Enter now, the humble power resistor, such as this one from Amazon.com.
    Think of this resistor as an “installation tool;” a “tool” used at initial setup time.  Like all tools, it’s taken out when needed, used, and put away until it’s needed again.

    The purpose of the resistor is to limit the “equalizing current” so the BMS doesn’t trip. When initially connected, Lithium at 13.2V gives up electrons to its lead-acid sibling at 12.6V. The resistor is placed “in series” in the conductor connecting the two batteries to “limit” that flow of current to a level acceptable to the lithium electron-donor’s BMS.  As arriving electrons build up “surface charge” on the lead-acid plates, the terminal voltage of the lead-acid sibling rises, the voltage difference between the two different chemistry batteries falls, and so the current creating the surface charge in the lead-acid sibling simultaneously falls.

    The surface charge on the lead-acid chemistry battery does not dissipate instantly when the charging source is disconnected.  Since, at initial connection time, there is no electrical system connected to the bank, there is no path into which “surface charge” is able to “bleed.”  So the installer of these connections has enough working time to disconnect and remove the resistor and connect the batteries directly in parallel while that surface charge remains intact.  Since the normal terminal voltages of the lithium sibling (~13.2V) and the lead-acid sibling now with its surface charge established (~13.2V) are equalized at the same (or very nearly the same) voltage, the batteries can be connected directly together without drama or fireworks.

    To initially connect lead-acid batteries into a lithium chemistry bank, the installer will need a large wattage resistor; in the range of 50Ω, 100W.  The bigger the resistance, the lower the current (Ohm’s Law), so the longer the equalization process will take, but the “more controlled” it will be.  Warning: the resistor may get hot to the touch!  The resistor would be needed any time the two dissimilar chemistry batteries need to be connected/reconnected together, so for example:

      1. when first assembled together, or
      2. reconnecting them after a BMS disconnect event, or
      3. when emergency cross-connecting another bank, such as a lead-acid “start” bank, or
      4. after any maintenance activity on the battery bank, like cell/battery replacement.

    For more information on hybrid banks and connecting dissimilar chemistry batteries, review this Youtube video.  The presenter talks through the above entire scenario in detail.  Clark Willix is a boater with many years of liveaboard experience and an engaging speaking style.  He has a 1500 aHr lead-acid bank of L-16s, so way, way bigger than most of us.  But that said, he presents sound conceptual descriptions.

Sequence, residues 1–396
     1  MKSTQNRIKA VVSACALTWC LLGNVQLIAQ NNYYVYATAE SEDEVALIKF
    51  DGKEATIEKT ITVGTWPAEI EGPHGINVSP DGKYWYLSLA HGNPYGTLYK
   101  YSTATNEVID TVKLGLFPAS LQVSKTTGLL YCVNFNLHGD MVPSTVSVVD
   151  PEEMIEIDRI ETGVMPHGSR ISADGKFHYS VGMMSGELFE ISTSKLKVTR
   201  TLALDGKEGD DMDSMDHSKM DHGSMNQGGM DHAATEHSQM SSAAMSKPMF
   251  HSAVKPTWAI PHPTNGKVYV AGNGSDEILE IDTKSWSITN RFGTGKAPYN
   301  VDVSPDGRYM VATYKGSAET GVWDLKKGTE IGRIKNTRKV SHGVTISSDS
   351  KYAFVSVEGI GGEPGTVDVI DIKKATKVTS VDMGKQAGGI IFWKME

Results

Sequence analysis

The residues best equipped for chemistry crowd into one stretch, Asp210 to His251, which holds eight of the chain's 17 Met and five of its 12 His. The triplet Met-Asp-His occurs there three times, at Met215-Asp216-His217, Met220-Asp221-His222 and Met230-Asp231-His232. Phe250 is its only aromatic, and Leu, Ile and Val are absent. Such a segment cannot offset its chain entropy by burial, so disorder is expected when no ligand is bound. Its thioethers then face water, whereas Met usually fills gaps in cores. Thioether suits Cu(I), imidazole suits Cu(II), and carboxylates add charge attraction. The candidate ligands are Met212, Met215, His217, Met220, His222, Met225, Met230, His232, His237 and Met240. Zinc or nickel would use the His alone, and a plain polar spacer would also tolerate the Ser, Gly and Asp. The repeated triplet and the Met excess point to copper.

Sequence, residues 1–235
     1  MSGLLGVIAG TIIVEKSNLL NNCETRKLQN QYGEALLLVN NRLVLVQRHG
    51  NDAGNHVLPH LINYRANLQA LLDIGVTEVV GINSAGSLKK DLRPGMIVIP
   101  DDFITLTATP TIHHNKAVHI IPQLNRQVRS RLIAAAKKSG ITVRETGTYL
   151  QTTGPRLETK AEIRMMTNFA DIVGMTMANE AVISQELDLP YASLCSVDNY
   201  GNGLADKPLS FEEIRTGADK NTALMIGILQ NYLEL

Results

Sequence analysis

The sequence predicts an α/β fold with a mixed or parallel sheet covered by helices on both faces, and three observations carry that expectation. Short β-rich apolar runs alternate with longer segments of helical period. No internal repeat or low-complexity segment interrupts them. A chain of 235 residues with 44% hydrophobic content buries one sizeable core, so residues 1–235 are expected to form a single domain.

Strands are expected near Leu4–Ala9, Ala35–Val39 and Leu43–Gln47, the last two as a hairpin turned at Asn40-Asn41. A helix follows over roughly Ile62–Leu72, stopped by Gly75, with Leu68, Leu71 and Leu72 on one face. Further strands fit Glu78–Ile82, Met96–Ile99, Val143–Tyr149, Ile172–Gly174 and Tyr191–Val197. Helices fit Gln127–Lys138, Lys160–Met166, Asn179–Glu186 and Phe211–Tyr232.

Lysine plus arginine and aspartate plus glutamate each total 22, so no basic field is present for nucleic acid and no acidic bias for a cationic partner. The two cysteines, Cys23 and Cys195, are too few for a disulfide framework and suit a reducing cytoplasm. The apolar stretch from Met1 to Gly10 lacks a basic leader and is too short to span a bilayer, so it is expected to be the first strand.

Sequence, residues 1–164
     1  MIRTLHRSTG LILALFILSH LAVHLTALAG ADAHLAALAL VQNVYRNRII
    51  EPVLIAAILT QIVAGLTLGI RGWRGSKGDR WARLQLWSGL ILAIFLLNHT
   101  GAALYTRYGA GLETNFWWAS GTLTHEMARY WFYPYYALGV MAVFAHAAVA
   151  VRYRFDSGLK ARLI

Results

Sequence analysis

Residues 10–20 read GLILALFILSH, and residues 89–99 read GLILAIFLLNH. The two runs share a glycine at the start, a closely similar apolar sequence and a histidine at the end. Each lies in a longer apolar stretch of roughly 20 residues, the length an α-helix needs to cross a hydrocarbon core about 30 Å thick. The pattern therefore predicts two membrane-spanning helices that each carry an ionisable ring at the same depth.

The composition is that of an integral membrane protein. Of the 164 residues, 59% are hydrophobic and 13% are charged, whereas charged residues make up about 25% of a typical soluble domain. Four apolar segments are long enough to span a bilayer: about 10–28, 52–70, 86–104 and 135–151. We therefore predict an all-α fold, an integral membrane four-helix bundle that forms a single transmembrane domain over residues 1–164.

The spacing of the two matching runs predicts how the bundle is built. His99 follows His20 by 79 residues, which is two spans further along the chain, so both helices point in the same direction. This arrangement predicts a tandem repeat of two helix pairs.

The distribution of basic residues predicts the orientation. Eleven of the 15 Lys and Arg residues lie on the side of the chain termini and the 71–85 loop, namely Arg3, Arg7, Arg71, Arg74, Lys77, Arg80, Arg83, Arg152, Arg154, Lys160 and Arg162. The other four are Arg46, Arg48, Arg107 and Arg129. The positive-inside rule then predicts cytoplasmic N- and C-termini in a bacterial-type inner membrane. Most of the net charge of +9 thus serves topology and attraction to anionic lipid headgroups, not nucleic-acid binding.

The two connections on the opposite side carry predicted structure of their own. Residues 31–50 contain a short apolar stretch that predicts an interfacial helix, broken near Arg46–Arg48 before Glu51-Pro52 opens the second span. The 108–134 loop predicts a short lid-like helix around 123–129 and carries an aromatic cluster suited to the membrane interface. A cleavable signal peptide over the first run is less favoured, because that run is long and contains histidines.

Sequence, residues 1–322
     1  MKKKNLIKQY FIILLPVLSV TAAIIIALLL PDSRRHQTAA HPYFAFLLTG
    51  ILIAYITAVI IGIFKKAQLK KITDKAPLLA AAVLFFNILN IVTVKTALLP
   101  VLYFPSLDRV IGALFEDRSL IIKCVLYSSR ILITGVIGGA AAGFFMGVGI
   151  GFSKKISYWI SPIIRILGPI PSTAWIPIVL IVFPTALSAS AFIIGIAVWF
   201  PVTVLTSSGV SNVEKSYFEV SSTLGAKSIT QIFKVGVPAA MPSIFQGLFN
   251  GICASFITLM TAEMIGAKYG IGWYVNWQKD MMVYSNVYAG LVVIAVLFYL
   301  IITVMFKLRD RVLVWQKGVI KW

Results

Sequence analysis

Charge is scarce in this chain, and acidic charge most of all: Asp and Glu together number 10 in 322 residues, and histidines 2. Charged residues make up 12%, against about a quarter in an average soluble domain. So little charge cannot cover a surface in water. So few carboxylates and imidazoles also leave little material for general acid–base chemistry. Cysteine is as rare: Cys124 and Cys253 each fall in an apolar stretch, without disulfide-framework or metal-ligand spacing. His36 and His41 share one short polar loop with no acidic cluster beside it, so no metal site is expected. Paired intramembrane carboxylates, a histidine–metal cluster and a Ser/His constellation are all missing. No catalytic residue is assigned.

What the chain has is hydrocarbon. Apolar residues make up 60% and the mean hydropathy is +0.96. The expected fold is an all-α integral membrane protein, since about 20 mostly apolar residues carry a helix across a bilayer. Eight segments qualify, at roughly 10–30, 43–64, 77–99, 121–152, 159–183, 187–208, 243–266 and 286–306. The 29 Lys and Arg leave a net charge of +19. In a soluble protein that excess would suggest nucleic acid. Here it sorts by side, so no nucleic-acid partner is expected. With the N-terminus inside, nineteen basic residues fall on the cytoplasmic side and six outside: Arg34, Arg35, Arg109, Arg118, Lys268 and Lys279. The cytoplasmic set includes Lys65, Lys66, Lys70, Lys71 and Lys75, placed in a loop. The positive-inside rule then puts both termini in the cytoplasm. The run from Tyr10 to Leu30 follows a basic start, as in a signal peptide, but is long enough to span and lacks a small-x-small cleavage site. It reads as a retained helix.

Pro Tip: whether the above procedure is necessary at all will depend on the relative charge capacities (aHr) of the lithium and lead-acid siblings.  A relatively smaller capacity lithium sibling connecting to a relatively larger capacity lead-acid sibling is more likely to trip the BMS.  A relatively larger capacity lithium sibling connecting to a relatively smaller capacity lead-acid sibling could work without significant drama with a suitably-rated battery paralleling switch.  Arc suppression at the switch will prolong the service life of the mating surfaces of solenoid or switch contactor points.

    Once connected together, there is a permanent, small circulating current (the IFloat current for the lead-acid sibling).  The dissimilar natural voltages are “equalized” between the two dissimilar chemistries, and the lead-acid float current load is very low between them.  That IFloat current is a “Parasitic Load” to the lithium chemistry battery.  Parasitic loads consume power and are oft forgotten.  On boats, “always on” equipment can be viewed as a “parasitic load,” such as digital radio station memories, digital clocks, smoke alarms, intrusion alarms, doorbell cameras, CO/COdetectors, propane gas detectors, bilge pumps, etc.  Parasitic loads can “kill” batteries.  Readers are encouraged to view this “float current parasitic load” as a small price to pay in return for a potentially huge reliability benefit (reward!) provided to the boat’s “Electrical System.”

    Pro Tip: a useful device to install on all boats is a “boat monitor,” such as the Siren Marine “MTC,” or equivalent.  The device notifies boat owners by text message and/or email the moment shore power is lost.  They monitor system B+ voltage, and can notify owners of low house battery voltage.  These devices can be viewed as “parasitic loads,” because they are “always on,” and their presence forgotten, even when batteries are not being charged.  However, these devices can save thousands of dollars in damaged batteries.  A text that reports lost shore power indicates there’s a problem at the boat, and a timely phone call to the boatyard or marina can avoid/save great inconvenience and unnecessary costs.